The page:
The 8 best internal communication tools

Sander Kalkman

Sander Kalkman

Internal communication is the glue that holds your organization together. When well-executed, it paves the way for business growth and a good brand image. Happy and satisfied employees are more likely to become brand ambassadors and promote the company they work for. 

But how can you achieve the best results? And what internal communication tools are the most effective for an organization with a lot of frontline workers? We’ll answer these questions in this blog post.

What types of internal communication are there?

Internal communication is what allows organizations to connect with their employees. It helps to grow awareness, inform, cultivate involvement, motivate and facilitate cooperation in the decision-making. Based on its different purposes, internal communication can be classified into the following types:

  • Task information: Employees want to know what to do. Give the right job description and instruction.
  • Management information is intended to ensure that all activities are done by the right people at the right time. These are, for instance, schedules. 
  • Commercial information: All customer-facing employees need to receive detailed information about products, prices, and services.
  • Policy information: makes sure that every employee is adequately informed about all kinds of matters, from organizational to legal procedures.
  • HR information: it mainly includes administrative affairs and supports services.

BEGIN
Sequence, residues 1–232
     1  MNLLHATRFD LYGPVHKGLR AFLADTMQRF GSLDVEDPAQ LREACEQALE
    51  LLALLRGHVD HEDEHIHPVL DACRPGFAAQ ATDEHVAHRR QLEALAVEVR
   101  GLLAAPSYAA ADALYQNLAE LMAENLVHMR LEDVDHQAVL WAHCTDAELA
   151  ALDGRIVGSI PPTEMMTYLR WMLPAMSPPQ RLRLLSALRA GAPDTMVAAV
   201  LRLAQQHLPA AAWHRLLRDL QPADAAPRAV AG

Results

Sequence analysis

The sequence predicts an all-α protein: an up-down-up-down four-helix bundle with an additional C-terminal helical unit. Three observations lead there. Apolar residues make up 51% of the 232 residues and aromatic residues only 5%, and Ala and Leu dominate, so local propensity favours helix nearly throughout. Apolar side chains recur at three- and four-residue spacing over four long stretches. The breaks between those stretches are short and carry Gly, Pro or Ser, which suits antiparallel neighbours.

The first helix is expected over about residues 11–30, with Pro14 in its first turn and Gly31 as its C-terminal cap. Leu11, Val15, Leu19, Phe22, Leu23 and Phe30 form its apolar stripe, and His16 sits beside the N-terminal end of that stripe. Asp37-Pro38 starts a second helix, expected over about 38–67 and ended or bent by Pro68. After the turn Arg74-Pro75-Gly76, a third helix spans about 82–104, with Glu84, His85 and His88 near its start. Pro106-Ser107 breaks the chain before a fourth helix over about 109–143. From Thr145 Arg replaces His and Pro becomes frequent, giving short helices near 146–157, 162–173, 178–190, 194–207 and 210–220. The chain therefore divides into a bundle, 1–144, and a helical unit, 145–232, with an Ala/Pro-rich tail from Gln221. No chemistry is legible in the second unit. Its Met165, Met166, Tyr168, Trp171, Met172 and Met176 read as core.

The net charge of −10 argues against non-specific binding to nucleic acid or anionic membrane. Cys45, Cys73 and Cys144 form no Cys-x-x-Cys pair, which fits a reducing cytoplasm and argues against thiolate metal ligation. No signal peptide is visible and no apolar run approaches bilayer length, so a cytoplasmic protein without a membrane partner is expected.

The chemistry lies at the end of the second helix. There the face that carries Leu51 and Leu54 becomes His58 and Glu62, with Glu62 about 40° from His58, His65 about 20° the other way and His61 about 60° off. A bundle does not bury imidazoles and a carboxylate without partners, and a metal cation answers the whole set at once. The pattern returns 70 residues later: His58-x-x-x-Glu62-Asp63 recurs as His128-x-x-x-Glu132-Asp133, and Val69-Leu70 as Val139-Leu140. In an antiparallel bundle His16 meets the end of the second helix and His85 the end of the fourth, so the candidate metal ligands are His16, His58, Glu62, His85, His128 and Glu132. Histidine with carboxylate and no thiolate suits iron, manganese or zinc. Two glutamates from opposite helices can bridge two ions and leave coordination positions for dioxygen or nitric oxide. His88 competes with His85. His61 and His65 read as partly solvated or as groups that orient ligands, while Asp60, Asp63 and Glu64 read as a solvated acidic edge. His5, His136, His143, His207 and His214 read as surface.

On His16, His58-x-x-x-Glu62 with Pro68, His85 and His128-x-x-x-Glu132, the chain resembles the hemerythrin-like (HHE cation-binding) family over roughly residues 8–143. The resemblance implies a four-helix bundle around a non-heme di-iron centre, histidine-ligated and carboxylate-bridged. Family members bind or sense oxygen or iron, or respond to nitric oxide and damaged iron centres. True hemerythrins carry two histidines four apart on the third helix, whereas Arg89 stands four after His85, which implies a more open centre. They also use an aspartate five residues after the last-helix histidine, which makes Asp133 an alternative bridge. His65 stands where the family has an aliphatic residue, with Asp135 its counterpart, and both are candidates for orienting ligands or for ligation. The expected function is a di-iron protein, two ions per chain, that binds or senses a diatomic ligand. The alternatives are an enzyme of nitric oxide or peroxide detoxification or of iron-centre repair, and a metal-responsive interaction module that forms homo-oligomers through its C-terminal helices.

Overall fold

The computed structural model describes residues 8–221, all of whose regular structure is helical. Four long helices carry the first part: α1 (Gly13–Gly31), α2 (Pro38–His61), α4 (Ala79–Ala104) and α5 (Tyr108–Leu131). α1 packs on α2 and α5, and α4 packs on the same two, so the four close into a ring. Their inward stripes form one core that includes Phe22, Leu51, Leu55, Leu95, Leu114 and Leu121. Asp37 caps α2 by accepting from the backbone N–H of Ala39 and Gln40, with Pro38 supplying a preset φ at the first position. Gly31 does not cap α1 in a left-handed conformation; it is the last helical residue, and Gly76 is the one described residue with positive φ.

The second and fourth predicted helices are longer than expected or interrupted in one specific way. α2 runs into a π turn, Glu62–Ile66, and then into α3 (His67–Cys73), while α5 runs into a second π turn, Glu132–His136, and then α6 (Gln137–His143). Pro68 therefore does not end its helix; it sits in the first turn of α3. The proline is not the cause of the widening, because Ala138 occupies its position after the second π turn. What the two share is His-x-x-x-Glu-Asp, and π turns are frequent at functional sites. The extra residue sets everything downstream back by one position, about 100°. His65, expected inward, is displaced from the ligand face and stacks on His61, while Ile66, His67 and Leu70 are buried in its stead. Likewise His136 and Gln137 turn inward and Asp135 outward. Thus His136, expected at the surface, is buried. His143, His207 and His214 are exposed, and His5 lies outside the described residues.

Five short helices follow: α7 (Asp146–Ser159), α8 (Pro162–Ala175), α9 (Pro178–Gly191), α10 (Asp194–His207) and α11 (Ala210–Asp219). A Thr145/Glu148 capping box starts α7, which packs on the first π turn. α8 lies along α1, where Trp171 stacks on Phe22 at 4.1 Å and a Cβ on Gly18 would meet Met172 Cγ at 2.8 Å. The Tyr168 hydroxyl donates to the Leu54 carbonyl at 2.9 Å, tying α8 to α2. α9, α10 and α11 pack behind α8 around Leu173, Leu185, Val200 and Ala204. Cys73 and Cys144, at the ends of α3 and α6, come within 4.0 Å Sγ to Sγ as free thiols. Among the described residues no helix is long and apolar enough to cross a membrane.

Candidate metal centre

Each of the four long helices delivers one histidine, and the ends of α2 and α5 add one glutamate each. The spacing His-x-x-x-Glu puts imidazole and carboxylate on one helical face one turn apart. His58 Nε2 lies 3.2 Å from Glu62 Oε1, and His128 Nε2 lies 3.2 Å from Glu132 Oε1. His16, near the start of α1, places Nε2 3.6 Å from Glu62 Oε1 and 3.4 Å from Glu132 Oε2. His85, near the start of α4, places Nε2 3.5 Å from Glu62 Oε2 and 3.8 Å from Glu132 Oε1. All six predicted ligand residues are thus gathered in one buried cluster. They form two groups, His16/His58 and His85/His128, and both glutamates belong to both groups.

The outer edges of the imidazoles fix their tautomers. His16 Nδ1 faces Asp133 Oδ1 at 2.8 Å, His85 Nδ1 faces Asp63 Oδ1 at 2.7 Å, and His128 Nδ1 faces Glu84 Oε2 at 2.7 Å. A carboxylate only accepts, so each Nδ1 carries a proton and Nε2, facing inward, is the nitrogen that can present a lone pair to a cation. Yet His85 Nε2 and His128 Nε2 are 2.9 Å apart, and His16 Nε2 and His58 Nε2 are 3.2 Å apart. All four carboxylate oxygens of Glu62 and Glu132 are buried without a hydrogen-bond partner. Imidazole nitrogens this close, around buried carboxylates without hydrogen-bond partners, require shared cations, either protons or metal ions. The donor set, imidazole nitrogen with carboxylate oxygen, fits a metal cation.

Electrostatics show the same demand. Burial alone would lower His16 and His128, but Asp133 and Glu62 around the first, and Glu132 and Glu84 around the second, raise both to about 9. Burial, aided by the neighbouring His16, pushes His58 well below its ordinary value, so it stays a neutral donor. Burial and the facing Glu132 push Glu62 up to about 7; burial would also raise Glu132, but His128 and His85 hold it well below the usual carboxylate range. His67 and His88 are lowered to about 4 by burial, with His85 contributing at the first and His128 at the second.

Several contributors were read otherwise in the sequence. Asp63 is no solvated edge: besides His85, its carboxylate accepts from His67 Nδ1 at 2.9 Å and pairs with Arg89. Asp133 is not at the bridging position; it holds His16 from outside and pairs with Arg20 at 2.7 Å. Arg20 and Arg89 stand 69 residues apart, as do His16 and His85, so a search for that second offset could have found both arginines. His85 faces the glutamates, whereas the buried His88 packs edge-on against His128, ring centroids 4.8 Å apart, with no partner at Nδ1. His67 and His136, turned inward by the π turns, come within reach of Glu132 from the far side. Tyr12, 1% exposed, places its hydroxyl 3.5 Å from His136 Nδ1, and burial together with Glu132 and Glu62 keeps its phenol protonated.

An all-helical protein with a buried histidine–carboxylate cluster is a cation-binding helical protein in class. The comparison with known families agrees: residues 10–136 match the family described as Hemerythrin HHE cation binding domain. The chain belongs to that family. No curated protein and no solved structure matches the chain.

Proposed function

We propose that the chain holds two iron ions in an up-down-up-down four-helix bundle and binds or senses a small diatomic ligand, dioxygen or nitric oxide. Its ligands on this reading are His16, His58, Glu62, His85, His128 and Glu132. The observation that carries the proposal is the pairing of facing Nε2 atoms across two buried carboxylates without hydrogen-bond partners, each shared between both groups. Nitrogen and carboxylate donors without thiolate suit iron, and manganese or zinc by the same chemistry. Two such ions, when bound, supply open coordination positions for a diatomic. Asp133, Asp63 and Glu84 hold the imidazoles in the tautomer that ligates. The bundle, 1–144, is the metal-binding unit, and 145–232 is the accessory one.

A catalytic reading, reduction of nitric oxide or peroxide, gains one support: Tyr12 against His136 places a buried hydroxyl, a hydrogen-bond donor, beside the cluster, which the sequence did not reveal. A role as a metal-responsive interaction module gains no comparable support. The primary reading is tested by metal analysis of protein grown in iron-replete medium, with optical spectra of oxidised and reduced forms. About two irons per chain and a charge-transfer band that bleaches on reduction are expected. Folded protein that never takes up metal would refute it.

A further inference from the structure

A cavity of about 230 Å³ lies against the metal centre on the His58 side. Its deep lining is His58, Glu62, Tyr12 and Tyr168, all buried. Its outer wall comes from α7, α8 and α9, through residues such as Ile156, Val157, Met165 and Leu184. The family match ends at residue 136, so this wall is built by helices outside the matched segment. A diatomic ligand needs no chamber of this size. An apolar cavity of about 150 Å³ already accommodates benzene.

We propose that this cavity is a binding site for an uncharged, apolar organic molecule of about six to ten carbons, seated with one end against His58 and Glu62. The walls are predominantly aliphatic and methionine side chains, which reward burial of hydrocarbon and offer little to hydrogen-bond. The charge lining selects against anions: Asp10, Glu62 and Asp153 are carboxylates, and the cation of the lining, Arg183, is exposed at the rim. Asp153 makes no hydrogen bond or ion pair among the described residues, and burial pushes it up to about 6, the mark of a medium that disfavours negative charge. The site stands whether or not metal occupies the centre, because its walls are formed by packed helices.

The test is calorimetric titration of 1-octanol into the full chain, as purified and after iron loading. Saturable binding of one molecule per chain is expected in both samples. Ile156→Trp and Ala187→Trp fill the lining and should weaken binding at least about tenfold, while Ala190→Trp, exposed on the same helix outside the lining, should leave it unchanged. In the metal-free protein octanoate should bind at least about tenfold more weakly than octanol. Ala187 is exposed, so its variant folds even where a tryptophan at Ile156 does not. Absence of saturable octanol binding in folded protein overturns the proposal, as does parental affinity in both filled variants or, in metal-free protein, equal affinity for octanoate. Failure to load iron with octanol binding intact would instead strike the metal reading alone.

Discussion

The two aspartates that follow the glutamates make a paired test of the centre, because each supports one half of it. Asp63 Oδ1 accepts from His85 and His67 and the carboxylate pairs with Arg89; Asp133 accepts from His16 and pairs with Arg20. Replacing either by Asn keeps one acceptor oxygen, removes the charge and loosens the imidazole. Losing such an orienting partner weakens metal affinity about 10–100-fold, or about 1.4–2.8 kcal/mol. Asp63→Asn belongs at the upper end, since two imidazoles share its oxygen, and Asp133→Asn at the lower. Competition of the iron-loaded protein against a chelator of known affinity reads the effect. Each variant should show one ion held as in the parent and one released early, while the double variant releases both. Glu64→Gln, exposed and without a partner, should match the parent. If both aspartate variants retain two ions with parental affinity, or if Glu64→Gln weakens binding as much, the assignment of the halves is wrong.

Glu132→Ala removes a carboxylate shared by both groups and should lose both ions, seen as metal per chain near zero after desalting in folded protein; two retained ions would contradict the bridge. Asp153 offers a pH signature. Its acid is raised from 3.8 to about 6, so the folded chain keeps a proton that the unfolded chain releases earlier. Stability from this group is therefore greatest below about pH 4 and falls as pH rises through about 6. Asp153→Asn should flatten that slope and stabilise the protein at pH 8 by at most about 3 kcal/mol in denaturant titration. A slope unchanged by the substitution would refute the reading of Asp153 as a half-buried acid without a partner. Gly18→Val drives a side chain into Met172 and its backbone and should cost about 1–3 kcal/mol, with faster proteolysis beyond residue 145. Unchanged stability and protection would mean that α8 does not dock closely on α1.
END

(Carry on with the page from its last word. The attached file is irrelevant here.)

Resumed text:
• Motivational information: growth best occurs in environments where employees are motivated to better themselves and their organizations. Include information on social issues and prospects.

8 examples of internal communication tools

Considering all kinds of information an organization sends to all employees, finding the right tool is key to making it run smoothly. Here is a list of the most common online and offline means of communication used by frontline organizations and their pro & cons. 


    1. Instant messaging 

WhatsApp or Messenger group chats are among the most used internal communication tools across the retail and hospitality industries. They are mobile-based and allow users to share messages, photos, GIFs, files, and videos. An additional benefit is that most employees already have these apps on their phones. While there is no doubt that it can be the easiest and fastest way to reach your young frontline employees at first glance, it isn’t. Managers find it time-consuming, while for employees, it’s disturbing to be added to group chats with (sometimes) hundreds of employees. As a result, they mostly ignore it and important information often doesn’t reach the right employee at the right time. Furthermore, it’s important to consider that using WhatsApp for internal communication crosses some important privacy boundaries, like sharing all contact information with all participants without their permission.


    2. Emails

Despite repeated claims that email communication is dying, it remains a central communication channel in most organizations. It is simple and already available to everyone. It allows you to reach all the staff at once or send personal messages to easily communicate updates, news, schedule, or interesting links to the team. Nevertheless, it presents some downsides that are worth considering: